Last updated: Apr 23, 2008
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Reframing the way you think about pain can help release you from its grasp.
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Proponents of cognitive-behavioral therapy (CBT) say that it can help pain patients end the downward spiral of negative thinking that worsens pain. People suffering from chronic pain can spend a lot of time thinking negatively about their pain, growing concerned, anxious, or pessimistic. Those thoughts can actually increase pain, so therapists work with patients to reframe some of the negative thoughts surrounding their pain. By identifying and changing negative thought patterns, patients can actually help relieve their pain.


To benefit from this technique, patients should see a therapist trained in using CBT for chronic pain to help create a list of coping thoughts relevant to particular situations they are having difficulty dealing with.

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In the chart below, Francis Keefe, PhD, director of the Pain Prevention and Treatment Research Program at Duke University School of Medicine, in Durham, N.C., and colleague Daphne McKee, PhD, have identified some specific examples of the kinds of thoughts people in pain might feel and some possible ways of reframing them. These are not intended to address your situation directly but to give you an idea of how cognitive-behavioral therapy attempts to change the negative thought patterns that can worsen pain.


Chronic Pain Situation Negative Thought Coping Thought
Pain flare "This pain will never end." "I've had bad flare-ups before and know I can get through this."
Pain flare "Why me? Am I being punished?" "There are lots of people who have persistent pain. I am not alone, and I am not being singled out."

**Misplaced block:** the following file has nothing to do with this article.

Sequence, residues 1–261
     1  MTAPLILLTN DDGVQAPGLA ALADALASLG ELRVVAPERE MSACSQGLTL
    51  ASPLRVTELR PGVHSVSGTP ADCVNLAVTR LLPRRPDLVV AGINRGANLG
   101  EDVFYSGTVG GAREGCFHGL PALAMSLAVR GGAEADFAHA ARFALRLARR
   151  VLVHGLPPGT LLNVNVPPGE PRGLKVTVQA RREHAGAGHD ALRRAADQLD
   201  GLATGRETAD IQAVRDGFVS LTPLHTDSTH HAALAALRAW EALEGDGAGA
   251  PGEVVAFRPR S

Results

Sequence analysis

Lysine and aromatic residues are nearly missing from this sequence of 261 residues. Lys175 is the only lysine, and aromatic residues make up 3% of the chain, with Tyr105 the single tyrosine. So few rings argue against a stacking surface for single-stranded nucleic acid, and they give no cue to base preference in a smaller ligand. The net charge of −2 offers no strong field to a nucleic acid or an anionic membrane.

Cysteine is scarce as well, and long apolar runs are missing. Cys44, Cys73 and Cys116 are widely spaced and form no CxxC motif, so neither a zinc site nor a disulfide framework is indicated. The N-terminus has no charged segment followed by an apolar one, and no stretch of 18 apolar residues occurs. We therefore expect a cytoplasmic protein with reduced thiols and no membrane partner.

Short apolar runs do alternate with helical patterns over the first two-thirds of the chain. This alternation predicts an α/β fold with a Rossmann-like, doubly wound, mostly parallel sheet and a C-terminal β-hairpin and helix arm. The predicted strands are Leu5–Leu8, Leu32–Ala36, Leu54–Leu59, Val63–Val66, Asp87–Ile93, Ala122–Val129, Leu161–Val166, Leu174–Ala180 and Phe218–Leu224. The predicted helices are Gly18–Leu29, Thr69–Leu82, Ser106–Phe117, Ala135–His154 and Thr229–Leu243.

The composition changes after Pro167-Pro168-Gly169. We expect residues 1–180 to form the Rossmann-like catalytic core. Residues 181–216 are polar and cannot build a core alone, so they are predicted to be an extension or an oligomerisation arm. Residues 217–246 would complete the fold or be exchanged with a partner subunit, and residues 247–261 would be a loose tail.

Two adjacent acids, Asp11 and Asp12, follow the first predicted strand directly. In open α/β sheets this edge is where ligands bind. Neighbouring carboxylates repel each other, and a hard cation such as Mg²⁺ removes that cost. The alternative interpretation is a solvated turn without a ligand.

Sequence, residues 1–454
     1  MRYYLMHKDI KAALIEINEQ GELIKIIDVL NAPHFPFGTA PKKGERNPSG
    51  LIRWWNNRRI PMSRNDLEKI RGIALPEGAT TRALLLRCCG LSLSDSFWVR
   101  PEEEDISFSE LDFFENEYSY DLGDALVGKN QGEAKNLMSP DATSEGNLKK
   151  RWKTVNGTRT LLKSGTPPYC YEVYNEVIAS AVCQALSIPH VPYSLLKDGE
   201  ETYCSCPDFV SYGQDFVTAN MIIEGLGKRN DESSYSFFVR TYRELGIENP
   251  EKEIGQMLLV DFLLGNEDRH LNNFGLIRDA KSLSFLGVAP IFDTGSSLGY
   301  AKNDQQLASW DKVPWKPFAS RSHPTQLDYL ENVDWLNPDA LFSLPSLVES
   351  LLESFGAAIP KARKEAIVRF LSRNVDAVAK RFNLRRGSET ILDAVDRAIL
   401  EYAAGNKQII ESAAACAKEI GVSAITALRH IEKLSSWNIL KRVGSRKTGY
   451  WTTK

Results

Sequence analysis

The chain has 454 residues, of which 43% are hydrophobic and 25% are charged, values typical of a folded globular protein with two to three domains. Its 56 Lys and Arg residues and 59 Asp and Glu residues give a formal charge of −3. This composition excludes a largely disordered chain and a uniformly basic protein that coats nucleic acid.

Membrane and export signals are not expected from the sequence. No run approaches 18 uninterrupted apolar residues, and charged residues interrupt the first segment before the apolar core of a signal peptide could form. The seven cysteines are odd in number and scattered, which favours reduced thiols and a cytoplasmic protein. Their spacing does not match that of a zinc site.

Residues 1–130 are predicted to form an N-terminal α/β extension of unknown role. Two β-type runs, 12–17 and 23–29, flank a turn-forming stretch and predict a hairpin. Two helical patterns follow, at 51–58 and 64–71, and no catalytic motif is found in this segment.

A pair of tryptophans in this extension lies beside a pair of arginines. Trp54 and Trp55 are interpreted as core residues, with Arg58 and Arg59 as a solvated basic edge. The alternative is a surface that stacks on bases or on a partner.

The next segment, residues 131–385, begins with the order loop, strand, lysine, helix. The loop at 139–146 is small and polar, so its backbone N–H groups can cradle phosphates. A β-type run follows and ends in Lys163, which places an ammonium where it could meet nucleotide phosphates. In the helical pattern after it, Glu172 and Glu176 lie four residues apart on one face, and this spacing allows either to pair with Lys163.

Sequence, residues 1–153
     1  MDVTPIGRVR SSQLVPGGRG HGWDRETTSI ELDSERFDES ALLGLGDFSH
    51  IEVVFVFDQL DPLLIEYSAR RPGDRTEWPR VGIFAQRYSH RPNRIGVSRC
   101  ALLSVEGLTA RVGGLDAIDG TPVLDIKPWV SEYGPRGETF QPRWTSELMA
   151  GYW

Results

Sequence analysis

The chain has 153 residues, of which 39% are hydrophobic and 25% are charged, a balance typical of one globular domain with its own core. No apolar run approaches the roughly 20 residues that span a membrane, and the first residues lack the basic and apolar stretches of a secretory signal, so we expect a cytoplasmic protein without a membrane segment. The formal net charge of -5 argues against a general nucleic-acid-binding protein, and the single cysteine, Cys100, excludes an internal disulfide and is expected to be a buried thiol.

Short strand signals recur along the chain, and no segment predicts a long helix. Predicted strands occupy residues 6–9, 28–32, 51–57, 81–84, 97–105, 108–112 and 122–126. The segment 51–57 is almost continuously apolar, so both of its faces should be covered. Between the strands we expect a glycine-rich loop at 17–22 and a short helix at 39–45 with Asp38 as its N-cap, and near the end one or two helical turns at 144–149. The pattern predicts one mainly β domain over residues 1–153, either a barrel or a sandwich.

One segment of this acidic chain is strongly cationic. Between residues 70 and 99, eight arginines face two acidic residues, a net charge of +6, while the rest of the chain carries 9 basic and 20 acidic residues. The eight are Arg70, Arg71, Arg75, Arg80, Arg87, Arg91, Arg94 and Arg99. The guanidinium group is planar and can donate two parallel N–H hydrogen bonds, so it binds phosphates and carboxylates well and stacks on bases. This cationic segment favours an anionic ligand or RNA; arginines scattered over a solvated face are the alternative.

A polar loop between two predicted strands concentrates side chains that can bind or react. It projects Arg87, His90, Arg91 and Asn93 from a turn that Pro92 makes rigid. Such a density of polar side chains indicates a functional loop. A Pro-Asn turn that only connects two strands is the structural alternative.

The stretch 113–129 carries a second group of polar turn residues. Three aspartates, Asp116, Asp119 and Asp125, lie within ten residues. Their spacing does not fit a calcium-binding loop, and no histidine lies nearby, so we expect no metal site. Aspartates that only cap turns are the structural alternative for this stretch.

Missing a day of work because of pain "I won't be able to support my family." "Missing one day does not mean that I can't return to work and be productive."
Moving furniture at work "I hate asking for help. I should be able to do this on my own." "I will be better off in the long run if I ask for help with certain tasks. Most people are happy to lend a hand."
Trip to the mall with friends "If I go out with my friends and I can't keep up, it will spoil it for everyone else." "If I plan ahead, take some breaks, and let my friends know I am going to do this, I can keep up and still enjoy being with them."
Can't tolerate the drive to a favorite vacation spot "My pain interferes with everything." "I may need to change my goals (e.g. go to a different destination) or modify how I do them (e.g. break the drive up with rest breaks). I can still do a lot of things I enjoy."
Unable to do household chores today "I am worthless." "There are lots of things I do for my family and others. Housework does not define my worth."
Turned down opportunity to coach little league team "What kind of parent am I? I can't even play ball with my kids." "I spend a lot of time with my children in other ways. I can still go to their games and enjoy watching them play."
A visit to see grandchildren "I can't even lift my grandchild. She probably thinks I don't love her anymore." "There are many ways to show love. I can sit and ask her to crawl into my lap."